In the executive search business I'm normally called by chief executives and managing directors when they feel that some members of their senior team need replacing, or at least need to be compared against what is “out there in the market”. Therefore, I have plenty of opportunities to hear at first hand, and in undiluted terms, chief executives officers' (CEO) views on the performance of their fellow directors – and finance directors in particular. More frequently than not, there is a list of adjectives to describe the actual performance of the incumbent and a different list to describe what they want going forward. Which of these would your CEO use to describe you – detail-conscious, big-picture thinker, creative, rigorous, problem solving, influencer, intellectually able, leader, people developer, mentor...heir apparent. Or...overpaid bookkeeper?

So what are chief executives looking for in their finance directors these days? Clearly there is no one simple answer as this will depend upon a plethora of factors such as the business's sector, market conditions, scale and complexity, culture and immediate plans, to name just a very few. But there are clear themes that emerge when looking at those finance directors who are the apple of their CEO's eye, and who are most likely to be considered themselves as CEOs of the future.


Basic number crunching

Underpinning the requirements for most finance directors is the need for a firm foundation in financial management so that, as an absolute minimum, they can provide the necessary financial perspective on the business, recognising and managing financially related risks, identifying opportunities and eliminating waste. But this doesn't mean just being able to compile the routine accounts and management information and feeling a little smug that they are the only member of the board to understand how the numbers were put together. The successful finance director should be driving the agenda by making financially related management information more incisive, more accessible, more real-time and even more forward looking. But these abilities only really get you to the starting post – and are what more junior members of the team should be doing anyway.

We hear a great deal about the ability to think strategically and contribute at a broader big-picture level – and these qualities certainly start to mark out the strong finance director from the rest. But what do we really mean by strategic thinking? Perhaps rather cynically, I have to say that over the years, meeting many hundreds of candidates, one frequently sees the weaker ones latching onto the strategic thinking aspects of the specification and feeling that therein lies their salvation. They think that a lack of ability in other areas can be compensated for by a well-honed ability to chat over coffee with colleagues about ethereal matters – they're wrong.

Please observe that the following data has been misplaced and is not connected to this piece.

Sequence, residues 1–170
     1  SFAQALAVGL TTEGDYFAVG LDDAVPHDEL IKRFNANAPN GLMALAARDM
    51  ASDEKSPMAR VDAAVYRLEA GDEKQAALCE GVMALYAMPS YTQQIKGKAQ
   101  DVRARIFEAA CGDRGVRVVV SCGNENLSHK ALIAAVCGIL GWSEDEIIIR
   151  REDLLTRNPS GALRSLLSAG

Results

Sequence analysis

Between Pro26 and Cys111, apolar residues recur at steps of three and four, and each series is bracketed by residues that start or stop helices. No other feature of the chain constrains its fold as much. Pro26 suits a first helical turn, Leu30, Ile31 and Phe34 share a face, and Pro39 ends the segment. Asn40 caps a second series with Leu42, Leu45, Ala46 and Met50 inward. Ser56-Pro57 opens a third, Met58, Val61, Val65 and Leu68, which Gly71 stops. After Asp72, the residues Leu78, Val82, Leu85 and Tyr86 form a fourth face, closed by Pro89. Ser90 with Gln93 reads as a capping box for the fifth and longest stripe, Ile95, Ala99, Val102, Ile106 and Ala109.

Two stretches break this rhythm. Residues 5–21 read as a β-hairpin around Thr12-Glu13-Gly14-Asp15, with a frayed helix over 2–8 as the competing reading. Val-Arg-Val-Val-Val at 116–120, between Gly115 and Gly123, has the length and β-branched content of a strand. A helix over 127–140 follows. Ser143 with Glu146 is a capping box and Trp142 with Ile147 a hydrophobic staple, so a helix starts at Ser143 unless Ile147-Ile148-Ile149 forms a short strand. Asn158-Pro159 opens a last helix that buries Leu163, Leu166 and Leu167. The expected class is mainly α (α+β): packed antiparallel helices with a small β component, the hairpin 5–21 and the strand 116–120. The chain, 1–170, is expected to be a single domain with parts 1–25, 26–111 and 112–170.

The ability to effectively contribute to strategic decision-making almost certainly needs to be based upon experience of broader business issues, gained either in roles having formal responsibility for non-financial areas, or through having made it their business to get out and about and at least gain some depth of understanding of issues outside the finance function.

In my opinion the word strategic has become overused and debased over the past ten or so years, and those claiming strategic ability should expect to have to justify such claims with solid examples. Closely related to strategic ability is an interest in broader issues of the market - what we might call business general knowledge.


FD didn't have a clue

I can recall one chief executive telling me that following the announcement of a proposed merger of two companies in a related field, his operations and marketing directors beat a path to his office within minutes, examining the potential threats and opportunities, but that the finance director made no such contributions and didn't even seem to be aware of the proposed merger's significance. We all expect the marketing director to know in some depth about competitors, again experience drives me to conclude that some also-ran finance directors take only a superficial interest in broader market issues.

Any heir apparent finance director must also demonstrate leadership ability The ability to deliver significant, positive change through people is a rare but incredibly valuable skill. We are not talking here about just managing a team and keeping the lid on things. How many of us could really talk about solid examples of our leadership ability for just 10 minutes without hesitation, repetition or deviation? The finance director who is a credible heir apparent to the CEO should have no problem.


Does the CEO's office await?

The finance director is in a uniquely strong position to further his or her career by moving into the CEO role. Rigorous financial training together with early opportunities to contribute to other parts of the business and staff management will continue to provide excellent foundations from which to move into general management. But only those who really grasp the opportunities to develop can hope to blaze a trail to the CEO's office. The prospects for those finance directors with genuine depth and breadth of ability are excellent – CEOs and managing directors in major companies are more likely to have come from the finance function than any other function. But those within the finance function who don't have the required qualities beware – technology and outsourcing are the low-cost, high-efficiency answer to many routine accounting tasks. Only those who can demonstrate that they are adding value by leading proactive and outward looking finance functions will have any degree of security in the future.

  • Tim Latham is the principal of Director Resourcing; a London-based search and selection consultancy. The website address is director-resourcing.com.